Economic and demographic analysis has, for nearly a year, said an urban growth boundary expansion probably won't be needed in 2015.
But even if the analysis is wrong – and an expansion is needed – it may be painstakingly difficult to accomplish.
An urban growth boundary expansion in 2015 might mean diving deep into the weeds of Oregon land use law, Metro staff said Tuesday, thanks to ongoing legal challenges to the region's urban and rural reserves system.
At a Metro Council retreat, staff laid out a series of options for this year's look at the region's UGB, which must, by law, have enough land within it for 20 years of growth.
Last year, several economists and demographers who study the region's growth say there's likely enough land inside the UGB to meet that 20-year demand, and no expansion is needed.
Their analysis was reflected in the region's Urban Growth Report, which the Metro Council accepted as a draft last year.
But the Metro Council is set to study whether two assumptions made in the growth forecast – a certain level of growth in unplanned Damascus, and expectations for multi-family housing growth in Portland – reflect a likely future.
If expectations for apartments, townhomes and condos in Portland, or for any growth in Damascus, turn out to be too rosy, it's possible the boundary may need to be expanded to accommodate two decades of growth, staff said.
But that presents another problem – even if a UGB expansion were warranted, it would be hard to find a place to expand to.
Only one city is positioning itself for an expansion – Wilsonville is looking to grow on its eastern edge, near Advance Road. The Metro Council requires cities to come up with finance and development plans before it considers a UGB expansion in an area, and Wilsonville is the only government to date to move toward that requirement.
But legal challenges to the reserves designations drag on in Multnomah and Clackamas counties. In Clackamas County, West Linn and Tualatin challenged the designation of the Stafford Basin as urban reserves. Also challenging the designation were the owners of the Langdon Farms Golf Club, on the French Prairie south of Wilsonville.
Langdon Farms was set as a rural reserve by Clackamas County and Metro in 2010; its owners, brothers Chris and Tom Maletis, hope to see that designation changed.
Even if the issues with West Linn and Tualatin could be resolved, challenges from the Maletis brothers could last for years – meaning there are no designated urban reserves in Clackamas County until court cases are settled.
That would, in turn, leave Metro to use soil designations for any urban growth boundary expansion. Legally, the council would be forced to expand in an area that has poor soil for farming and forestry – think hills, ravines, and rocky fields. That's what led to the 2002 UGB expansion in Damascus that continues to vex planners, developers and local residents to this day.
"The Metro Council is fully aware of where we've ended up from previous decisions based on soil hierarchy," said Metro deputy planning director John Williams.
A UGB expansion based on soil quality would make it difficult, if not impossible, to legally justify a UGB expansion in Wilsonville's preferred area.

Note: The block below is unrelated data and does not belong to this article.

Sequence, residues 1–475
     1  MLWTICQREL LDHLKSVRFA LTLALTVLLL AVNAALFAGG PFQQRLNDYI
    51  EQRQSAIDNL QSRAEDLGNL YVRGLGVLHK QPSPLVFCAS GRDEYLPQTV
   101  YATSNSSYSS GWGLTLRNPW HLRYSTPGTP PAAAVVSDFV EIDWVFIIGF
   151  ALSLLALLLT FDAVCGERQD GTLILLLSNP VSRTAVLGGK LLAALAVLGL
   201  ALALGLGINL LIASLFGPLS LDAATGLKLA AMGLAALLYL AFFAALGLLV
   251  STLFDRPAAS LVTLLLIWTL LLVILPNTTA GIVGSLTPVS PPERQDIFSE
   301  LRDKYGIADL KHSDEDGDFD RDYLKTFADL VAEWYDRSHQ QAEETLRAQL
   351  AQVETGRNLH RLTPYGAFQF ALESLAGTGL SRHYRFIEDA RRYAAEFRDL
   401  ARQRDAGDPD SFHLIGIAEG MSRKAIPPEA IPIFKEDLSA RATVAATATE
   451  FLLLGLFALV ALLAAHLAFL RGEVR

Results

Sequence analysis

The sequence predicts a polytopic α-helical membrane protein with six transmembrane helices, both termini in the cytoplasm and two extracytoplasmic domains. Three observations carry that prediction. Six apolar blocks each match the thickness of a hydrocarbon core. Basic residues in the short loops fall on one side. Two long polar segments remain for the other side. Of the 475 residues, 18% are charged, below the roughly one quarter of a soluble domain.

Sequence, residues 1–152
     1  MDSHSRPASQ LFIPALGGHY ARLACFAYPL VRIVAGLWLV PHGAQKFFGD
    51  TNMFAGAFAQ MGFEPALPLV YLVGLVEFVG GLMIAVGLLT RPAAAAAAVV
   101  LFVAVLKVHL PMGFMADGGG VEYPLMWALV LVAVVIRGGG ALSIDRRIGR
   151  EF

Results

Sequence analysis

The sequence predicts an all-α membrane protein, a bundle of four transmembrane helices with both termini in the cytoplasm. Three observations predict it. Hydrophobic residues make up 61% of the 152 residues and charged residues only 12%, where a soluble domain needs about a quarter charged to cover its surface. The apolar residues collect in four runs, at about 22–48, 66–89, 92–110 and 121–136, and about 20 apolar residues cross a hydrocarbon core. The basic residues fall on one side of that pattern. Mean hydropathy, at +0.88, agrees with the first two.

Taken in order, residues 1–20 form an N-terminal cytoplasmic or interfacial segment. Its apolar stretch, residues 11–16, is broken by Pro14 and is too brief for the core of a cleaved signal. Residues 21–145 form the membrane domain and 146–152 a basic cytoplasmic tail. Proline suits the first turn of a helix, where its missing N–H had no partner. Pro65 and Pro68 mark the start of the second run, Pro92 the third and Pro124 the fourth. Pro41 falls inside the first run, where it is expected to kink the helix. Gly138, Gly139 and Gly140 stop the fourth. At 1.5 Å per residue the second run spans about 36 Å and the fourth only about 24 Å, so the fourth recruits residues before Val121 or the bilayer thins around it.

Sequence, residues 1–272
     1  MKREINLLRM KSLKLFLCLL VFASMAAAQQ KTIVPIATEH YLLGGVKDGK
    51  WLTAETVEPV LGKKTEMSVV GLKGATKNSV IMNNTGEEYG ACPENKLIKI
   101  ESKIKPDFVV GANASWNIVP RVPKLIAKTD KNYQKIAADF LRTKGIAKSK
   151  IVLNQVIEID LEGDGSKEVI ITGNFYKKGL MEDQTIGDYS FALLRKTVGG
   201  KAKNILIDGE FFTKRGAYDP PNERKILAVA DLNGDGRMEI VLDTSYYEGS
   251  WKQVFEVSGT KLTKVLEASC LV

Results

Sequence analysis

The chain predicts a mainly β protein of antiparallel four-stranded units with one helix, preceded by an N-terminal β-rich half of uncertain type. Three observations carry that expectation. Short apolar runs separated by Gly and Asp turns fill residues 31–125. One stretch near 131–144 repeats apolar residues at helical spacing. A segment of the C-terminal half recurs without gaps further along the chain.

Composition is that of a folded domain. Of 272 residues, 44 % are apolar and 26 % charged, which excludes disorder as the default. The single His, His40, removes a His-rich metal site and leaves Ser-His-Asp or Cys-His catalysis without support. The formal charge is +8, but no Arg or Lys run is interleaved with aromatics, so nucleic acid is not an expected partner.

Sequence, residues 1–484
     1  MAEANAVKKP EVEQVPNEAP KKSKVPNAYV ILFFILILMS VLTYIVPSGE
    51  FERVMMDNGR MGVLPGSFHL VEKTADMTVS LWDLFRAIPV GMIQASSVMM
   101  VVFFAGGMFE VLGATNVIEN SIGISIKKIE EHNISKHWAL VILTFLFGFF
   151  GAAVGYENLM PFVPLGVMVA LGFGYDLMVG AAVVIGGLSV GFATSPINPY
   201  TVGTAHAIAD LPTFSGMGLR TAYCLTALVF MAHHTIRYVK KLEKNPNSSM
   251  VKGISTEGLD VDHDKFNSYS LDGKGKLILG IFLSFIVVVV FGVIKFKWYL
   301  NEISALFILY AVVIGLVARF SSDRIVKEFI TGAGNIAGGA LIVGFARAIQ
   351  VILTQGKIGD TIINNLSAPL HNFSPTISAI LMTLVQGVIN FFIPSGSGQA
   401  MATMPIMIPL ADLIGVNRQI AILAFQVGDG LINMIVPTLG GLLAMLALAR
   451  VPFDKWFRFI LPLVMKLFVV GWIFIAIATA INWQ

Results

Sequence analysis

All of that, though, assumes that there could even be a case for expanding the UGB under Oregon law. And that gets into the likelihood of the forecast that most of the region's new housing construction will be multifamily instead of single-family homes.
That forecast, Metro officials say, is based on cities' adopted land use plans and the likelihood of development.
Critics have questioned that assumption, saying the ongoing surge in multifamily construction in the region is a short-term anomaly, not a long-term trend.
Among the topics worth exploring in 2015, Metro Council President Tom Hughes said, is whether the region should consider designating single-family housing as a subset of housing demand, with its own 20-year supply. That, Hughes said, could be similar to how the region identifies large-lot industrial land as a specific need that must be met within the UGB.
Councilor Bob Stacey, a veteran land use attorney and the former director of land conservation advocacy group 1000 Friends of Oregon, said it's possible – but may be unnecessary.
"We have a lot of vacant single-family residential zoned lands in the urban growth boundary, and we're still working to get services to them," Stacey said. The market, Stacey said, isn't rushing to turn those lots over.
After nearly three hours of discussion, there was no consensus on how to address the 2015 UGB expansion. The council still awaits clarity on Clackamas County's urban reserves. It still has to look at Portland and Damascus' growth projections, among others in the region.
And that led to another possible path forward for the council in this decision – to take its time on deciding the UGB, pushing a decision into 2016 or beyond.
The council could also opt to not expand the boundary this round, but have another UGB review cycle as early as 2017 – after, they hope, legal challenges to reserves are settled. Additional growth could also support a legal case for expanding the boundary – something communities eager for a UGB expansion might find preferable.
Any path forward will be heavily vetted by local elected officials, particularly members of the Metro Policy Advisory Committee, who usually have plenty to say about UGB decisions.
In the meantime, the regional government will continue to scout the horizon, plenty of options in front of it but with no sure bet on exactly where to go.
Note: This version has been updated to reflect Wilsonville's interest in a UGB expansion.